Manufacturers have experienced challenges in the past couple of years. First, the pandemic led to a shutdown and a supply-chain crisis. And as we were climbing out of those challenges, finding and keeping an adaptive and reliable workforce became another one. We recently caught up with automotive PR expert Michael Szudarek from Marx Layne & Company to discuss further.

As things are slowly returning to normal, much focus has been placed on how manufacturing companies need to work smarter. Some of the top trends are helping OEMs, and other suppliers achieve that goal. Here are some top ways companies are adapting to the post-Covid, post-supply-chain crises to realize better efficiency.

The IOT is now the IIOT

The Internet of Things spoke to how devices used in manufacturing were connected to sensors. These sensors report data, allowing managers to make modifications, address miscalculations and get better results from the production line. Now we have the Industrial Internet of Things. They are still sensors, but the IIOTs now present downtime and even offer assumptions when things go wrong.

It’s all about the network

Manufacturers are finding that now that we have the latest generation in mobile tech, companies are finding ways to create fast networks that securely connect the sensors and machines inside a wireless network.

If it isn’t broken, it still may be fixed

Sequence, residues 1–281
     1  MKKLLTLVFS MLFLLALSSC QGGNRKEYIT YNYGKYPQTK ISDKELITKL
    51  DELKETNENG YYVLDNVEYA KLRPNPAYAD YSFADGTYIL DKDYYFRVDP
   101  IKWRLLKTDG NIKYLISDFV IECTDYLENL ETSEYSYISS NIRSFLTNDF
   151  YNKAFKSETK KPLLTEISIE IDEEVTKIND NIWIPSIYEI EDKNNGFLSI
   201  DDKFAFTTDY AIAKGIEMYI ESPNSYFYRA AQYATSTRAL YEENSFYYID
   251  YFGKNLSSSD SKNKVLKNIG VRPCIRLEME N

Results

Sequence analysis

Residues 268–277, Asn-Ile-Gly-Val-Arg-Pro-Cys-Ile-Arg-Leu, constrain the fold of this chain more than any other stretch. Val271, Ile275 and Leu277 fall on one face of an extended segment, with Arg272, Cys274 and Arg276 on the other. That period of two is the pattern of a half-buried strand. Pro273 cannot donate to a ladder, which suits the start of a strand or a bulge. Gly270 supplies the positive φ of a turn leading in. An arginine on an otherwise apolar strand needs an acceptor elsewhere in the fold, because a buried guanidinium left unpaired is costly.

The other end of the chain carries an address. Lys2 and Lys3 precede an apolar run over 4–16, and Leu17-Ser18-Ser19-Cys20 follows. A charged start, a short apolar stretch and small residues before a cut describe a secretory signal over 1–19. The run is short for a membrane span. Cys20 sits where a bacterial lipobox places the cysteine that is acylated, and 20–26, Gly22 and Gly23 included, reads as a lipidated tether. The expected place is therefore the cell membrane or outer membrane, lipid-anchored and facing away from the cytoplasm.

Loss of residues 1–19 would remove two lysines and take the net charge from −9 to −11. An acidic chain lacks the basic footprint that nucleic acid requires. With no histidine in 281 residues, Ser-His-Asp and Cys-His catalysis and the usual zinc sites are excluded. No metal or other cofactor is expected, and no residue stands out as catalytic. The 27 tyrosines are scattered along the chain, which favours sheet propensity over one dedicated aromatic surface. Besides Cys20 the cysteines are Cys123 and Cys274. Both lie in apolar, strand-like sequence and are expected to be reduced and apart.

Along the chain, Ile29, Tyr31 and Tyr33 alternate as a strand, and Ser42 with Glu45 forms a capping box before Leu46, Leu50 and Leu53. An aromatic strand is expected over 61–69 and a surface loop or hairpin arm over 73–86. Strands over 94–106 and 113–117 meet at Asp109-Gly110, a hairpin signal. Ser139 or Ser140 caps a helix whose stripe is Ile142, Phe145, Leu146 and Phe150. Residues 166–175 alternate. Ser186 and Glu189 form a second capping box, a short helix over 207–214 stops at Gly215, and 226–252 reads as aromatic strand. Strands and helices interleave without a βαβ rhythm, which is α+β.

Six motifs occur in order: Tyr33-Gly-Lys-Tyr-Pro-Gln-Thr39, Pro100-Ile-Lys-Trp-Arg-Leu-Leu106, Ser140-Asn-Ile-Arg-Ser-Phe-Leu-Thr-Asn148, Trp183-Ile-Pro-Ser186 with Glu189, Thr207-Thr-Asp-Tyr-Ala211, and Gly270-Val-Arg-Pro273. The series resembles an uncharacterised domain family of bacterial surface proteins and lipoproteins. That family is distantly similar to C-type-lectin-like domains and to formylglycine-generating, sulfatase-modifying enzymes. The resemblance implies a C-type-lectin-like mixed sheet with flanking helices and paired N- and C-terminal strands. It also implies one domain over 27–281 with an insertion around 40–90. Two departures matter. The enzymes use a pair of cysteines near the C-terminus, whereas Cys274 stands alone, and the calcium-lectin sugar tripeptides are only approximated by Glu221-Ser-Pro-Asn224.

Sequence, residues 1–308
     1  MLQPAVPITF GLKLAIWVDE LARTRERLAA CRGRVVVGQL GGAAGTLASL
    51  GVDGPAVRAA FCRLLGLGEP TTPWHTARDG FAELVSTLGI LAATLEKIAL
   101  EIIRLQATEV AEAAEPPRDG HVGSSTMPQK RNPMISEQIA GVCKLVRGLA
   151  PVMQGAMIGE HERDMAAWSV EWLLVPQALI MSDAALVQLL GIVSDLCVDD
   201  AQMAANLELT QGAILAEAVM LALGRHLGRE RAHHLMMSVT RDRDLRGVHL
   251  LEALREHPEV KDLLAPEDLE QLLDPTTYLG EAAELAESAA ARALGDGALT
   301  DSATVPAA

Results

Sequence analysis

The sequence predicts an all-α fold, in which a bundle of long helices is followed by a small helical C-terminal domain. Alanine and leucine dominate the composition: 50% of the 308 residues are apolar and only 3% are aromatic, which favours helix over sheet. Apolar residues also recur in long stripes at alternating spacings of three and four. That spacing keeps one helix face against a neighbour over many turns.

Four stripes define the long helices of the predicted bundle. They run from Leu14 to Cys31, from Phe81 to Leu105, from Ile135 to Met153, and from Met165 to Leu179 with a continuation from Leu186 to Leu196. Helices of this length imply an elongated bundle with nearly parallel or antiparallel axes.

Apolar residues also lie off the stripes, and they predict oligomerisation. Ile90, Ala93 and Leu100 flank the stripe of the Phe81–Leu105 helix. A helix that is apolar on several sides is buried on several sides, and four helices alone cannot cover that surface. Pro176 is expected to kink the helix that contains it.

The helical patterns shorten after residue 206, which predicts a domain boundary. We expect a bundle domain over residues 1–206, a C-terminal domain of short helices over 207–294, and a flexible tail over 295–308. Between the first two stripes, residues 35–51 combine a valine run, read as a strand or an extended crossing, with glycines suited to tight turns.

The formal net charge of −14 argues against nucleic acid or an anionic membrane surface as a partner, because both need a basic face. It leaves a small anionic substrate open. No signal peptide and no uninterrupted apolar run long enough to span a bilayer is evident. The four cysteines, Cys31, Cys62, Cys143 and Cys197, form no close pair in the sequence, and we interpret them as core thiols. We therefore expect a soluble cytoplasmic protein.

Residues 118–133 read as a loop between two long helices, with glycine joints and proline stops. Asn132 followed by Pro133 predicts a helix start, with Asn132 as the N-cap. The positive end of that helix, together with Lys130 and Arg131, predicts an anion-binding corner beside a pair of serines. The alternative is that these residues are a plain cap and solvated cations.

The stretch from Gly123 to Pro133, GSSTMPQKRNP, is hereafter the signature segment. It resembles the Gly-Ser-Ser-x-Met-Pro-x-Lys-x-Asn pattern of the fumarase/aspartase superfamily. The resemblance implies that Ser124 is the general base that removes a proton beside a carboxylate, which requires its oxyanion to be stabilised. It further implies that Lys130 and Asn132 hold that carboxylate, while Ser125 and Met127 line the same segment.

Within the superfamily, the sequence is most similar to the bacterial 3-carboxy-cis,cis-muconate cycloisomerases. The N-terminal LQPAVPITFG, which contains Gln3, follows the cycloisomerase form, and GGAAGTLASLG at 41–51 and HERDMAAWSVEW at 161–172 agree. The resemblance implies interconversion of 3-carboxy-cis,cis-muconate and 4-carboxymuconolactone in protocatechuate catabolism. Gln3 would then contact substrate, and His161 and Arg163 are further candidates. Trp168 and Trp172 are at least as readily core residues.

Companies are figuring out that if reliable analytics are run on IIOTs within a 5G network, data can be mined to accurately predict a faulty machine or component before it breaks down. And this, of course, minimizes downtime and increases efficiency.

Automation Allies will get bigger

We now have rows and rows of robots and other machines that help humans keep the production line moving. And as AI improves, the trend of completely automated manufacturing or “dark factories” will continue to speed up the production process.

Two really is better than one

Digital twins have been around in manufacturing for a while. Simply put, a digital twin can be a replicated piece of equipment with sensors collecting real-time data. The digital twin can warn operators when a piece of equipment exceeds its threshold. Operators can also use the digital twin info and schedule maintenance on machines. The trend is taking off. Industry analysts say in 2022, as much as 70 percent of the manufacturers will employ some type of digital twin to improve throughput, prolong the machine’s life and return better ROI.

3D is becoming more commonplace

While technology is still evolving, 3D Printing is likely to become a valuable asset in manufacturing. Experts predict that 3D Printing will become a cost-effective and efficient way to crank out products. Industry managers are finding that 3D Printing can vastly speed up prototyping.

Things will keep getting smarter

Thanks to smartphones, tablets and other devices that tell us everything from who is at the front door to having a device adjust the thermostat, smart clearly is here to stay. And with much focus on renewable energy to reduce carbon emissions, smart products will also be reusable. Companies will know they have to continue engineering smart products that consumers will buy.